FREETOWN: A second senior doctor in Sierra Leone was confirmed dead from Ebola Wednesday as West Africa anxiously awaited the arrival of experimental drugs to tackle the deadliest-ever outbreak of the virus.
Sierre Leone’s chief medical officer Brima Kargbo said Modupeh Cole, a senior physician in the capital Freetown, had been “instrumental in the fight against the Ebola virus.”
The virus killed 56 people in two days, bringing the global death toll to 1,069, the World Health Organization (WHO) said Wednesday.
Cole’s death came only a fortnight after the country’s only virologist and leading Ebola expert, Umar Khan, succumbed to the tropical disease.
Another of the worst-hit countries, Liberia, is scrambling to save two of its own infected doctors and hopes an experimental serum from the United States will arrive in time.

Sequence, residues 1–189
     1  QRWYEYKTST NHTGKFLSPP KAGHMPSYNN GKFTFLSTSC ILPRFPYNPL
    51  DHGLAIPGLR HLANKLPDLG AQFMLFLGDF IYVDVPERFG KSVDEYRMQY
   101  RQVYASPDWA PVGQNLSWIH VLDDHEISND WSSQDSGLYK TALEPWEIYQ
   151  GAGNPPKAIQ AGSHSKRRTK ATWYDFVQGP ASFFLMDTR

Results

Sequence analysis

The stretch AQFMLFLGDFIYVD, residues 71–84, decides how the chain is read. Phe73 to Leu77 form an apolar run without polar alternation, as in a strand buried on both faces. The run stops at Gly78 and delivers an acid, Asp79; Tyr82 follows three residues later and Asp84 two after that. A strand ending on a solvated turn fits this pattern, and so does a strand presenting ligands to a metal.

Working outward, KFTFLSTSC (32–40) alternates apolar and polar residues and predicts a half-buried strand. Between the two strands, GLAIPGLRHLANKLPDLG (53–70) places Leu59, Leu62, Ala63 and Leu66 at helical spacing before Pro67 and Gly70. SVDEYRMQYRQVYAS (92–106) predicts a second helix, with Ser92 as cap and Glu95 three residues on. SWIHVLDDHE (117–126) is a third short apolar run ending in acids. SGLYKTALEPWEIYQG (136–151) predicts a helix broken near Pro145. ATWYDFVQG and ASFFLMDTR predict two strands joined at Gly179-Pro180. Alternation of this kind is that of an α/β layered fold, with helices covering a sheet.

The presidency said Tuesday it had received approval from the U.S. Food and Drug Administration for the use of a barely-tested ZMapp treatment that has shown positive early results.
The two infected doctors have given their written consent to try the drug, which will be delivered to the country within 48 hours. A third doctor has already died from the virus.
The WHO declared it was ethical to try largely untested treatments “in the special circumstances of this Ebola outbreak.” The company behind ZMapp said it had sent all its available supplies to the region following an outcry over the fact it had so far only been used on Westerners, but supplies are extremely limited.
Germany Wednesday called on its nationals to leave the three worst-hit countries – Guinea, Liberia and Sierra Leone – although it said it was keeping its embassies open.
U.N. chief Ban Ki-moon Tuesday announced plans to step up the global response while urging governments to “avoid panic and fear.”